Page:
With power left on two other phases sharing the neutral, if you lifted that neutral at some point you could end up with voltage on one side via the loads.
Not only would this represent a shock-risk to you, it could also unbalance the voltages on those other loads. Given a large load on one phase and a small load on the other, you could see the voltage across the latter rise to almost the phase-to-phase level.
You know, this is one thing NEVER mentioned in "lock-out' discussions. The same point also applies to single phase, multi-wire circuits- that is, where two 'legs' share a neutral!
I found this out the hard way...when a money changer was momentarily supplied with 220v...I really loved having to buy a $600 power supply (as part of a $100 add-a-receptacle job)!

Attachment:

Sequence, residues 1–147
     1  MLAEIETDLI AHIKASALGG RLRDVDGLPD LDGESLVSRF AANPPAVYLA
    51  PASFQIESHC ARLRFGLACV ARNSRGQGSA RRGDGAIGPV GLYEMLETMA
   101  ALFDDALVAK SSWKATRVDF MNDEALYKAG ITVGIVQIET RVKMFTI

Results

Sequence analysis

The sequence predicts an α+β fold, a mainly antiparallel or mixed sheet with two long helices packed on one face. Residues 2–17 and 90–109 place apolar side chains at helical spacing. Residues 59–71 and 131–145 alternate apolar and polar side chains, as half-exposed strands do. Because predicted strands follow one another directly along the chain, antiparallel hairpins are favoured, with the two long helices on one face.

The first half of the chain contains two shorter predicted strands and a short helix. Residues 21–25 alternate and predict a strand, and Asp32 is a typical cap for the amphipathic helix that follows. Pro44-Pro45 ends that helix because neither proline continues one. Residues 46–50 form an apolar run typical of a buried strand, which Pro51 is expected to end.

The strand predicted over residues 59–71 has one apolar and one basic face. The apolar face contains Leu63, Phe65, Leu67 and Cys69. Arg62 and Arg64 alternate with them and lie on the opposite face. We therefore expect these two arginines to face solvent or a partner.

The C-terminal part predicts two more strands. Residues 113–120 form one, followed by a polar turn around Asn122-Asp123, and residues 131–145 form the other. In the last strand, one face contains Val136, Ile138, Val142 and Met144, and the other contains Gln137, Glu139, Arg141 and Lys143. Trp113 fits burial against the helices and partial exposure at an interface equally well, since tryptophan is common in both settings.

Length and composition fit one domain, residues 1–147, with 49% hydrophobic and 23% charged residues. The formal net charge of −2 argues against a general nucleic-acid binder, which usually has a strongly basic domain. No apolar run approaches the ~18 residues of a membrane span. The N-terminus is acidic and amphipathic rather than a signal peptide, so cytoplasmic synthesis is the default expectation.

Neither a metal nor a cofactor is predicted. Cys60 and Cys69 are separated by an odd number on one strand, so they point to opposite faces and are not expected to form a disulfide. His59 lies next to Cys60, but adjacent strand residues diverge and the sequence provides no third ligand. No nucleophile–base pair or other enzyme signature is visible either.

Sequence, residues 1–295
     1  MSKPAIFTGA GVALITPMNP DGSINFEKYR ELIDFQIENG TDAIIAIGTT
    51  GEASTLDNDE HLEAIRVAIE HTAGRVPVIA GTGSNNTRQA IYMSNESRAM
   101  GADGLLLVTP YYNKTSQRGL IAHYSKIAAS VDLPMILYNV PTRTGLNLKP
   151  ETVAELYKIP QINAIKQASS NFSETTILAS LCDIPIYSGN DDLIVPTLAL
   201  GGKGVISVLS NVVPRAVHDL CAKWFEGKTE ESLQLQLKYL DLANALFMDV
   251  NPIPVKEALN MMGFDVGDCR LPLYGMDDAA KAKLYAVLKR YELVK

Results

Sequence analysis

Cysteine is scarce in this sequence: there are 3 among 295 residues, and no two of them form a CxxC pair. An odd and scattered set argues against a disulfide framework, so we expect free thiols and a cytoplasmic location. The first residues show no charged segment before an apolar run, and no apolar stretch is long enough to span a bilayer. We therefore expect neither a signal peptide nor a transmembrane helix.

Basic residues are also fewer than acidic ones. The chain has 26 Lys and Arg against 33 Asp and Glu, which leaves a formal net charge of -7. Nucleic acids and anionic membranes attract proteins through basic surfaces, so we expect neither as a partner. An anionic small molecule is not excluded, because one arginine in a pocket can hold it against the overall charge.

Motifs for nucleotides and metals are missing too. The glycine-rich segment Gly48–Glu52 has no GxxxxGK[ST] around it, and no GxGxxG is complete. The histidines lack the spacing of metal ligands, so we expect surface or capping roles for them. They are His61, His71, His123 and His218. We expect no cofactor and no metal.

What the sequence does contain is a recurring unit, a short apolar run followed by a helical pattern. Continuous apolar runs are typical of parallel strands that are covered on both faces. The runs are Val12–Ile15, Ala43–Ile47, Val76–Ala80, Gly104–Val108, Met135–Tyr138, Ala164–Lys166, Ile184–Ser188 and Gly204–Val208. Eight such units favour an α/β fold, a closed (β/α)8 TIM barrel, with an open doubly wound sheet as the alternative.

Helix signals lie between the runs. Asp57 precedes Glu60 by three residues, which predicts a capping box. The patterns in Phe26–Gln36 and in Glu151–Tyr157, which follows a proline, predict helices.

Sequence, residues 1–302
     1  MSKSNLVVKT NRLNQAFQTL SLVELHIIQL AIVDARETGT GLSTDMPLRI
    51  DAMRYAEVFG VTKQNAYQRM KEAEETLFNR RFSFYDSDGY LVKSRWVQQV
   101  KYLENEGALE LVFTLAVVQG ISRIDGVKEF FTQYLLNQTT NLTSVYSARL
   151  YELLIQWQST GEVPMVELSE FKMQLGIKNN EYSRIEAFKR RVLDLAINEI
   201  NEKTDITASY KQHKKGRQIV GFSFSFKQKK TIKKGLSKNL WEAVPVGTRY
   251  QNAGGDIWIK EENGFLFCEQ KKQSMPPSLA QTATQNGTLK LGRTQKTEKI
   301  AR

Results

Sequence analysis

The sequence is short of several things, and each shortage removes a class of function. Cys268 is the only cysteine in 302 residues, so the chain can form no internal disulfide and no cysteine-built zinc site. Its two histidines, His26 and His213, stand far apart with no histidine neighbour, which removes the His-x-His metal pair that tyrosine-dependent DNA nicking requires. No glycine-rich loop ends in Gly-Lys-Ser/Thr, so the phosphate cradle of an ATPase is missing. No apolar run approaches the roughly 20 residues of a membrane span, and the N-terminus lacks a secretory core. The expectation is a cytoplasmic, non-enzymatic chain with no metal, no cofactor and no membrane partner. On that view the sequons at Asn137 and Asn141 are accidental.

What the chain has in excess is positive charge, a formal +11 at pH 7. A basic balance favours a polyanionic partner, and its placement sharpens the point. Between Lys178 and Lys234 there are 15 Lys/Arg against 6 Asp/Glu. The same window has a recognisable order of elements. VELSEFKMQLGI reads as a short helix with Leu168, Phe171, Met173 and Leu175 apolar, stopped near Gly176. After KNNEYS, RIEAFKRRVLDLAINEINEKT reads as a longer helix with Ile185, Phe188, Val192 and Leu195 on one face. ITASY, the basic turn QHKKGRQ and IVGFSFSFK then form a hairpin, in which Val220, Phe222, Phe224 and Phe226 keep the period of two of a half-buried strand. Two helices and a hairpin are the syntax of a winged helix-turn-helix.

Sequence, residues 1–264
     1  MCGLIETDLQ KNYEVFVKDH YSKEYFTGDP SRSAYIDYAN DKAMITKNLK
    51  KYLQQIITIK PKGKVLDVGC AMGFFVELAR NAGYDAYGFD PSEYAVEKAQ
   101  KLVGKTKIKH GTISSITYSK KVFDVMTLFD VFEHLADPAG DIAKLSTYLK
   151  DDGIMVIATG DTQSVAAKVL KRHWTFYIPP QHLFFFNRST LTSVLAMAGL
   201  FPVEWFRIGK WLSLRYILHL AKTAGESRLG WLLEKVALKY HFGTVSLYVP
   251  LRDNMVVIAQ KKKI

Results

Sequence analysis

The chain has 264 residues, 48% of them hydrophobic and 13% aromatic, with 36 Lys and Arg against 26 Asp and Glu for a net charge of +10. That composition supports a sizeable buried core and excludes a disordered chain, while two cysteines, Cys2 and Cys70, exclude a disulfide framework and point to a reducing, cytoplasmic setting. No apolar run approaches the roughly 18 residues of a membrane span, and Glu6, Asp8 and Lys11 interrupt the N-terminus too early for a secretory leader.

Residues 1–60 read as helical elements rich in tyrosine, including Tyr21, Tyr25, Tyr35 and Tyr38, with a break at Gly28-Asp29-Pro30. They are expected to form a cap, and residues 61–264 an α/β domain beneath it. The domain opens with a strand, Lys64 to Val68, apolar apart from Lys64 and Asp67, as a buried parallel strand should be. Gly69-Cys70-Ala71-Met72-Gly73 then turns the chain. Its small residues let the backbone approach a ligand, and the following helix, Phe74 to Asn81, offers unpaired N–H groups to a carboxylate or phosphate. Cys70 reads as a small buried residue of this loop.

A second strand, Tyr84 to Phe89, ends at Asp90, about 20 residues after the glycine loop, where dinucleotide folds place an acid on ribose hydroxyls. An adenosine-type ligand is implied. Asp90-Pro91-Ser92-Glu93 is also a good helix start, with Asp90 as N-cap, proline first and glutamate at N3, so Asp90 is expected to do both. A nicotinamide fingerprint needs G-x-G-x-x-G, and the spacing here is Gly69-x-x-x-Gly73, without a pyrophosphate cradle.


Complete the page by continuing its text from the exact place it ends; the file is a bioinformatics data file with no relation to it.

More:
An added clarification....if you are "downstream" of any point where the other circuits might be, then there is no need to isolate them as well. But if...as is often the cas...you have all phases present in the run of lights, they all ought to be killed.
[This message has been edited by renosteinke (edited 02-15-2006).]